In recent times, many have been drawing comparisons between Russia today and at the end of the Soviet Union in reference to a wide range of circumstances. One commentator sees the similarity in announcements from government ministers, another in the ever-increasing interference by security forces in the lives of others.
2015 reminds an economist of 1990, when the economic sphere was a theater of the absurd: what the country's leaders were saying seemed completely disconnected with what was happening with the country's economy, and their actions seemed intended to hasten catastrophe.
As is so well documented in Yegor Gaidar's "Collapse of an Empire," that theater of the absurd was in evidence not only on the newspaper page, but in internal government documents, demonstrating the surprising depths to which this lack of understanding extended.
Similarly, what the Russian leadership is saying today about the economy is a constant source of surprise. The prime minister, deputy prime minister, and heads of ministries discuss "import substitution," a fantastic concept created during last year's propaganda frenzy.
The beneficiaries of this concept are few in number — owners of companies producing goods now protected by import barriers against competition. They benefit no matter what, as long as the restrictions remain in place.
Their position is understandable; every day of "import substitution" puts more money in their pockets. (Note that there is no talk of increased salary growth in protected industries, meaning all the benefit is going to the company owners alone.)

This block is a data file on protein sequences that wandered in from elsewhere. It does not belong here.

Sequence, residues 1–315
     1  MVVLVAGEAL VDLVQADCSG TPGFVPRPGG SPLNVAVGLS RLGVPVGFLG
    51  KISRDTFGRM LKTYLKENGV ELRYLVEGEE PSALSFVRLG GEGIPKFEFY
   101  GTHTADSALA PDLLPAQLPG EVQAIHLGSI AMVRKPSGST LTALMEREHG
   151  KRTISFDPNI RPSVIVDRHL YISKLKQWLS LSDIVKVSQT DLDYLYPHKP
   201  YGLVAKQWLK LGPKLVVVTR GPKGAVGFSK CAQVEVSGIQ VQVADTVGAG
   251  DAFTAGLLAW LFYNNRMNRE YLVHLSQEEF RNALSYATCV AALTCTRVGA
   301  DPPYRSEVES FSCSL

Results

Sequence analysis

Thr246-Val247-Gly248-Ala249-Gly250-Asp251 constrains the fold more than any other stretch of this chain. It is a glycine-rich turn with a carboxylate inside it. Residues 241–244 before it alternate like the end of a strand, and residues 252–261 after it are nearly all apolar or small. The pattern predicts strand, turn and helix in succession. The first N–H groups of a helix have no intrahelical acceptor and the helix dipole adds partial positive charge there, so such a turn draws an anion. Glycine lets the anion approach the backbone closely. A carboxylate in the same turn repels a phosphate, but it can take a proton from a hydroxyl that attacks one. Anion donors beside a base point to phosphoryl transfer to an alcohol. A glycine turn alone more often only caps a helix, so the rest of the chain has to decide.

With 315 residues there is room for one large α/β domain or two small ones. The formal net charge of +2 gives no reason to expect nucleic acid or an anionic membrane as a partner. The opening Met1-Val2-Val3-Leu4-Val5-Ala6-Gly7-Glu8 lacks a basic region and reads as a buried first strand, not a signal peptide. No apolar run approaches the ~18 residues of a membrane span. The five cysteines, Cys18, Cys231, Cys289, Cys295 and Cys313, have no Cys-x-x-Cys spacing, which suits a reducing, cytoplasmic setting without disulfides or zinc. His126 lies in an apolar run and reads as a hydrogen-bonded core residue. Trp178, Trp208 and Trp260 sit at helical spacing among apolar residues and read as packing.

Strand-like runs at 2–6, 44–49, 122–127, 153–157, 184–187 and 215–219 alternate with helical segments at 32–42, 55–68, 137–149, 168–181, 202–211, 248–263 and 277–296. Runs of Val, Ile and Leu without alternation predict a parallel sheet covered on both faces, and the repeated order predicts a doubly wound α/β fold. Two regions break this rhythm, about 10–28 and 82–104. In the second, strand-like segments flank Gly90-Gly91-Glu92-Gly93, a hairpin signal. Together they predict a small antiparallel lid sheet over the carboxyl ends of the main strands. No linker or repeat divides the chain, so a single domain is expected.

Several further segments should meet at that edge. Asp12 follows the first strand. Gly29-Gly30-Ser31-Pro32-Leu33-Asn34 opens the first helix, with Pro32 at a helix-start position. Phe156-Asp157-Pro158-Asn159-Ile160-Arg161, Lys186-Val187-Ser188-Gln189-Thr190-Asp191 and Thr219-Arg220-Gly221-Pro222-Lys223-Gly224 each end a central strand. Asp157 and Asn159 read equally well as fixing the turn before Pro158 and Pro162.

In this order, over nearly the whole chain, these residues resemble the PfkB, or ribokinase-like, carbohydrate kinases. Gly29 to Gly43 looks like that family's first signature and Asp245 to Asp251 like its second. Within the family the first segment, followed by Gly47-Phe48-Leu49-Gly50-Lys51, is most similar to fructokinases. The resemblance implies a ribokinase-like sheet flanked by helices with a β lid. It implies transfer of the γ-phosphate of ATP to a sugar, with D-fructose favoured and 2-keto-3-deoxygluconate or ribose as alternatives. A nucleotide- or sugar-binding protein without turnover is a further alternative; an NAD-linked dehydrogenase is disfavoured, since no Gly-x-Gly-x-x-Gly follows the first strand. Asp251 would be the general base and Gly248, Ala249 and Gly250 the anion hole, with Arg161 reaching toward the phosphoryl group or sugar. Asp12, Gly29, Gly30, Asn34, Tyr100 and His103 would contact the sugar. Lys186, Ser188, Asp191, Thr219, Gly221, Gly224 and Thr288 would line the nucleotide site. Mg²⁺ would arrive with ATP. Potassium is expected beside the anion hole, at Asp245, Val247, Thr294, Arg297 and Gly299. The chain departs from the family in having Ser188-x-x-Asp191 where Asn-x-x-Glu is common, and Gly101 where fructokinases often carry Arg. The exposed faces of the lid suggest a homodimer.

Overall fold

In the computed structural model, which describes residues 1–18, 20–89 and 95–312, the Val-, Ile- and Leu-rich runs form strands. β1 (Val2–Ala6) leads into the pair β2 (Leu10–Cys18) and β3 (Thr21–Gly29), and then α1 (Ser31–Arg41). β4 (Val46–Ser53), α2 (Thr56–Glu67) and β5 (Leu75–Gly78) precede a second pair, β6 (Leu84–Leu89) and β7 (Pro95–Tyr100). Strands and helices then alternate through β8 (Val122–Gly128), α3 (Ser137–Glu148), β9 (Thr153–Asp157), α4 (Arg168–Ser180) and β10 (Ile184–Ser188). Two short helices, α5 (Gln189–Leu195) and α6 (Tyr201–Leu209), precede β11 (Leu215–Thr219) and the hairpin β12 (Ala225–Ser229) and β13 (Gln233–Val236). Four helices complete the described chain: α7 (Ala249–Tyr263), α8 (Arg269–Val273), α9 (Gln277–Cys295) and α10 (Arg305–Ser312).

At the same time, Russian citizens, especially poor ones, have already suffered a great deal. Rising food prices have forced them to reduce spending on food, and on everything else.
But that's not my main point — it has already been written about 100 times — but rather what the government continues to discuss, and, judging by their destruction of banned goods, act upon: the idea that full-on import substitution is even possible. Maybe it would be, if consumption returned to a Soviet level.
Or discussions about when the decline of the Russian economy, now in its third quarter, will "hit bottom." The recession that began in 1990 "hit bottom" seven years later. The Russian economy in 2015 is, of course, fundamentally healthier than it was in 1990, and a catastrophe like that of 1990 can be avoided. But "can be" doesn't mean "can be without doing anything."
We need to remove counter-sanctions, start talks that will let Russian firms and banks back on to financial markets, and get rid of corrupt government officials — and these are only the urgent, immediate measures.
Later, privatization will be necessary, as well as a reduction in the regulatory load, law enforcement reforms, etc., to instigate economic growth.
Otherwise, in the current situation, "reaching a new low" sounds optimistic.
The economy was stagnating in 2012-2014, and the recession going on now, the result of the "events of 2014," is simply a smooth transition to a new stagnation, lower in terms of production and consumption.